Robert M. Parker, Jr. - 23/12/2011
Jancis Robinson MW - jancisrobinson.com - April 2010
James Suckling - Wine Spectator - April 2010
Robert Parker - Wine Advocate - Feb 2012
About this WINE
Château les Carmes Haut-Brion
Château les Carmes Haut-Brion is a 10.3-hectare wine estate in Pessac-Léognan on the Left Bank of Bordeaux. The property was established over 400 years ago. It takes its name from the Carmelites, the order of monks that tended it for almost 200 years. Once a little-known neighbour of the world-famous Châteaux Haut-Brion and La Mission Haut-Brion, things have changed rapidly here in recent years and it is today one of Bordeaux’s most exciting names. In 2010, the estate was acquired by Patrice Pichet, a French property developer. He quickly enlisted the dynamic Guillaume Pouthier as winemaker and director, and this has been a truly hot property ever since.
The wine here is stylistically unique within Bordeaux. This is in part due to the vineyard: the estate sits just outside the city of Bordeaux, with some limestone soils to complement the more typical gravel and clay. There is a high proportion of old-vine Cabernet Franc, rarely seen to any great extent on the Left Bank. The team has worked very hard to understand the specificities of each plot and sub-plot, enabling them to react to specific needs – but only where necessary.
Guillaume Pouthier is also a serial innovator. He is a proponent of whole-bunch fermentation, which is virtually unheard of in Bordeaux. Extraction, an important winemaking process, is handled differently here too: Guillaume uses a very gentle method of infusion rather than the more typical pumping-over or punching-down. The wines are matured in a combination of new French oak barrels, large oak casks and amphorae.
Despite their own complacency, occasional arrogance and impressive challenges from all-comers, France is still far and away the finest wine-producing nation in the world and its famous regions – Bordeaux, Burgundy, Champagne, Loire, Rhône, Alsace and increasingly Languedoc Roussillon – read like a who’s who of all you could want from a wine. Full-bodied, light-bodied, still or fizzy, dry or sweet, simple or intellectual, weird and wonderful, for drinking now or for laying down, France’s infinitesimal variety of wines is one of its great attributes. And that’s without even mentioning Cognac and Armagnac.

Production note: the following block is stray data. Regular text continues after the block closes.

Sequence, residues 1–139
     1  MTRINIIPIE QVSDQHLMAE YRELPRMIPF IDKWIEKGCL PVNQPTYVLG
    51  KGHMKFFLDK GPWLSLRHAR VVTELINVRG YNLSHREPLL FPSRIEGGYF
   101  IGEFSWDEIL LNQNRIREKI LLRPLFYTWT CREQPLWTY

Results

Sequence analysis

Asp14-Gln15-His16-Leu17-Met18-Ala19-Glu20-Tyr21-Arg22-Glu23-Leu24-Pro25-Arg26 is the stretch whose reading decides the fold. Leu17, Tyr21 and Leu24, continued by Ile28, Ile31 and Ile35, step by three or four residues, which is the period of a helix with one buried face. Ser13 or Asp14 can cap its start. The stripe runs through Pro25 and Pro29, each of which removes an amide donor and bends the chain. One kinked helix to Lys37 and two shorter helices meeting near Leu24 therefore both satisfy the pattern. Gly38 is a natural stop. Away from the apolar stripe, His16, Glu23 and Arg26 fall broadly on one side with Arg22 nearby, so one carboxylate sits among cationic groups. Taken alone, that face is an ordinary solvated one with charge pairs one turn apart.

France’s grape varieties are grown, and its wines emulated, throughout the world. It also brandishes with relish its trump card, the untranslatable terroir that shapes a wine’s character beyond the range of human knowledge and intervention. It is this terroir - a combination of soil and microclimate - that makes Vosne-Romanée taste different to Nuits-St Georges, Ch. Langoa Barton different to Ch. Léoville Barton.
France is a nation with over 2,000 years of winemaking, where the finest grapes and parcels of land have been selected through centuries of trial and error rather than market research. Its subtleties are never-ending and endlessly fascinating. Vintage variation is as great here as anywhere – rain, hail, frost and, occasionally, burning heat can ruin a vintage. Yet all this creates interest, giving the wines personality, and generating great excitement when everything does come together.
However, this is not to say that French wine is perfect. Its overall quality remains inconsistent and its intricate system of classification and Appellation d’Origine Contrôlée (AOC) based on geography as opposed to quality is clearly flawed, sometimes serving as a hindrance to experimentation and improvement.
Nevertheless, the future is bright for France: quality is better than ever before – driven by a young, well-travelled and ambitious generation of winemakers – while each year reveals new and exciting wines from this grand old dame.
Cabernet Sauvignon Blend
Cabernet Sauvignon lends itself particularly well in blends with Merlot. This is actually the archetypal Bordeaux blend, though in different proportions in the sub-regions and sometimes topped up with Cabernet Franc, Malbec, and Petit Verdot.
In the Médoc and Graves the percentage of Cabernet Sauvignon in the blend can range from 95% (Mouton-Rothschild) to as low as 40%. It is particularly suited to the dry, warm, free- draining, gravel-rich soils and is responsible for the redolent cassis characteristics as well as the depth of colour, tannic structure and pronounced acidity of Médoc wines. However 100% Cabernet Sauvignon wines can be slightly hollow-tasting in the middle palate and Merlot with its generous, fleshy fruit flavours acts as a perfect foil by filling in this cavity.
In St-Emilion and Pomerol, the blends are Merlot dominated as Cabernet Sauvignon can struggle to ripen there - when it is included, it adds structure and body to the wine. Sassicaia is the most famous Bordeaux blend in Italy and has spawned many imitations, whereby the blend is now firmly established in the New World and particularly in California and Australia.